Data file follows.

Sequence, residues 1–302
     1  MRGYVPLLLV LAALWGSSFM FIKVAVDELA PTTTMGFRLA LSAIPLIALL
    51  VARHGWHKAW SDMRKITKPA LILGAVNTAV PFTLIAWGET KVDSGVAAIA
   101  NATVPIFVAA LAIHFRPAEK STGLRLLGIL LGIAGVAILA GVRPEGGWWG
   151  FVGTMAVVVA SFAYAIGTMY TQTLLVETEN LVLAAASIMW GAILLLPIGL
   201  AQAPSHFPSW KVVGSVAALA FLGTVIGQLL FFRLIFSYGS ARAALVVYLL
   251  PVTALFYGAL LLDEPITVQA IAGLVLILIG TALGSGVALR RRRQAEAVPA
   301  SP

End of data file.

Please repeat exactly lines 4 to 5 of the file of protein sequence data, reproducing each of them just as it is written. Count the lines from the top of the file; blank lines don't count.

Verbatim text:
   101  NATVPIFVAA LAIHFRPAEK STGLRLLGIL LGIAGVAILA GVRPEGGWWG
   151  FVGTMAVVVA SFAYAIGTMY TQTLLVETEN LVLAAASIMW GAILLLPIGL